Counter protesters to the pro-Palestinian march in London on Saturday will be allowed into the area around the Cenotaph, the Met Police has said.
Speaking at a media briefing, deputy assistant commissioner Laurence Taylor said the Met had information that “large numbers of counter protesters" would be travelling to the capital with the aim of "confronting" those on a march in support of Palestine.
Asked why counter protesters would be allowed around the monument, Mr Taylor said the force “don’t anticipate any disorder will come from that group” individually.
It comes hours after the Met said that officers would form a "ring of steel" around the Cenotaph this weekend in a high-stakes operation to head off potential clashes when hundreds of thousands of Pro-Palestine protesters descend on the capital as Armistice Day parades take place.
Police chiefs have cancelled leave, extended overtime and drafted in 1,000 more officers from across Britain to bolster their ranks amid fears that violence could flare.
On Saturday a total of 1,850 officers will be deployed and on Sunday 1,375. An exclusion zone will be imposed covering the cenotaph and around Whitehall. Marchers from the Pro-Palestine march will be banned from these areas, Scotland Yard said in an update.
The Israeli and US embassies will also be off limits and protected by officers.
Met specialist public order teams have been assessing the risk of disorder and have drafted plans to keep rival groups apart.
Officers will be monitoring social media and weighing up any intent by protesters to carry out criminal actions. That threat has not been deemed great enough for a ban but Scotland Yard has pledged to crack down on anyone flouting the law.
The commissioner said he did not rule out action if protesters disrupted the remembrance events saying the force would "protect locations and events of national importance at all costs".
One of the organisers of Saturday's march demanding a ceasefire in Gaza predicted on Friday that more than half a million people will attend the event.
The Stop the War coalition said coach companies across the country are reporting that all their vehicles are fully booked, with waiting lists in some areas.
John Rees, from the group, said the protest in London will be "truly historic", exceeding the half a million he believes joined a previous protest in the capital.
The protest is due to start off in Hyde Park a few hours after a two-minute silence will be held at the Cenotaph in Westminster for fallen servicemen and women.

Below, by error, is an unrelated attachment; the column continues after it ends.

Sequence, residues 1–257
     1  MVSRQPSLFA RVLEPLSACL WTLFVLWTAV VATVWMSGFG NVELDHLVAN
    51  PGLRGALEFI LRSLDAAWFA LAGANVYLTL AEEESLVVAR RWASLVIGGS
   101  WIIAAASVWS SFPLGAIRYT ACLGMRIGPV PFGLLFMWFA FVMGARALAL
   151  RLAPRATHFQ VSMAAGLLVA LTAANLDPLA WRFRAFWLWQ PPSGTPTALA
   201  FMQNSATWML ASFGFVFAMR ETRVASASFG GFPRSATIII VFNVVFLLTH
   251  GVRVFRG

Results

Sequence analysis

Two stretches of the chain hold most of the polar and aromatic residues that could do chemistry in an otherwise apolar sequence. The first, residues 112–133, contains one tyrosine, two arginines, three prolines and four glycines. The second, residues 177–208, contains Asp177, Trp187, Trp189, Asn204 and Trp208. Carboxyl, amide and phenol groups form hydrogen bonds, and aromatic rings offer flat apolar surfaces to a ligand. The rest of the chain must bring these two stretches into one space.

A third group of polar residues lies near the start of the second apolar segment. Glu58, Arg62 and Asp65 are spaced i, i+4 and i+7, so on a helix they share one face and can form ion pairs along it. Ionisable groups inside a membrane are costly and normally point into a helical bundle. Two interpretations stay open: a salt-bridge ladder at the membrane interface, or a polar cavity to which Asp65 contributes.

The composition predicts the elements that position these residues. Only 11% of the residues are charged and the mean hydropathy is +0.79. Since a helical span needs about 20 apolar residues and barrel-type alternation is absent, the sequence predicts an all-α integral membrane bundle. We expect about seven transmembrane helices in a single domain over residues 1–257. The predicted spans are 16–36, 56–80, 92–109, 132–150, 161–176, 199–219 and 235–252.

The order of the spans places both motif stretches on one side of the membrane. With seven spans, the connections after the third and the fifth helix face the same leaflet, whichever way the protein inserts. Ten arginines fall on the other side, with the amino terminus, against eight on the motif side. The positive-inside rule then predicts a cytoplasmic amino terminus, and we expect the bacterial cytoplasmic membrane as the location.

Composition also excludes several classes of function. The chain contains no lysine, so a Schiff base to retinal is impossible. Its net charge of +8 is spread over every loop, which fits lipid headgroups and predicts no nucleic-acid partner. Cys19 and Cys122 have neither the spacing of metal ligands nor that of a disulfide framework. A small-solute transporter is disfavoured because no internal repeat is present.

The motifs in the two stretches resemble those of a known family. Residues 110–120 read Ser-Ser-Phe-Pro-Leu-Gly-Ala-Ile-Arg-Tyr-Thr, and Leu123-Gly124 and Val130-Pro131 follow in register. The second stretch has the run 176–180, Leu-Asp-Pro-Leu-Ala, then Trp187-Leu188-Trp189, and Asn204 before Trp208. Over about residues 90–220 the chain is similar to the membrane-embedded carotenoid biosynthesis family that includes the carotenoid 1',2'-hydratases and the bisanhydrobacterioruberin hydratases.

The Met faces further challenges from the far-Right, with fears growing that members will clash with protesters. Some activists associated with football violence have pledged to head to central London to protect the cenotaph from Pro Palestine marchers.
Sir Mark said he could not ban Saturday's demonstration simply because people felt it should not take place. He has been under pressure from Home Secretary Suella Braverman who accused the Met of "playing favourites" by not banning the march.
Prime Minister Rishi Sunak has also indicated that the commissioner will be held accountable if violence flares.
He said: "The laws created by Parliament are clear. There is no absolute power to ban protest, therefore there will be a protest this weekend.
"The law provides no mechanism to ban a static gathering of people. It contains legislation which allows us to impose conditions to reduce disruption and the risk of violence, and in the most extreme cases when no other tactics can work, for marches or moving protests to be banned."
He said use of the power to block moving protests is "incredibly rare" and must be reserved for cases where there is intelligence to suggest a "real threat" of serious disorder.
But he said organisers of Saturday's march had shown "complete willingness to stay away from the Cenotaph and Whitehall and have no intention of disrupting the nation's remembrance events".
He added: "Should this change, we've been clear we will use powers and conditions available to us to protect locations and events of national importance at all costs."
Officers also fear more than a thousand, including far-Right activists will flock to London making policing more problematic.
One group, named "Football Lads Against Extremism", claims veterans have reached out and asked for their support "due to the threat from the far left and pro-Palestine supporters to disrupt the Remembrance Day parade".
They are calling on "all football lads up and down the country to join us in standing shoulder to shoulder with our veterans that fought for our freedom".
English Defence League founder Tommy Robinson has also rallied his supporters to join him on Saturday.
Robinson, whose real name is Stephen Yaxley-Lennon, wrote on X on Thursday shortly after he was reinstated to the social media platform: "Saturday 11/11/11 London, your country needs you."
In a video, Robinson spoke of "a mass of men who are willing to stand for their country".
Jonathan Hall KC, the independent reviewer of terror legislation, warned that there were concerns of "an extreme Right-wing terrorist backlash" if Saturday's demonstration against the conflict in the Middle East goes ahead.
Previous rallies, including one outside the Israeli embassy, have seen officers injured with fireworks, protesters using extremist imagery and there have been multiple arrests for anti-Semitic chanting.